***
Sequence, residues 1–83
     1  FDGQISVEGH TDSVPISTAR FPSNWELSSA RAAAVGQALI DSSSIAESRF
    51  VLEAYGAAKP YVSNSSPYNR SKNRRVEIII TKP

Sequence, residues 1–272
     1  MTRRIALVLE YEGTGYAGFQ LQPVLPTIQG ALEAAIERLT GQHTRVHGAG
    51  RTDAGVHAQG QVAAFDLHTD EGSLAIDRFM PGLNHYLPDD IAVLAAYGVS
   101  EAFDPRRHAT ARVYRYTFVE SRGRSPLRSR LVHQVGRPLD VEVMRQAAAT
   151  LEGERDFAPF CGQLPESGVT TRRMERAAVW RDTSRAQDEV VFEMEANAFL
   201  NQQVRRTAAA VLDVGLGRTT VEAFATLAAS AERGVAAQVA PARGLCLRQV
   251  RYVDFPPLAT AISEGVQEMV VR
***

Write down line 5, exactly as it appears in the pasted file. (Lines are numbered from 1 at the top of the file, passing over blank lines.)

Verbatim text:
     1  MTRRIALVLE YEGTGYAGFQ LQPVLPTIQG ALEAAIERLT GQHTRVHGAG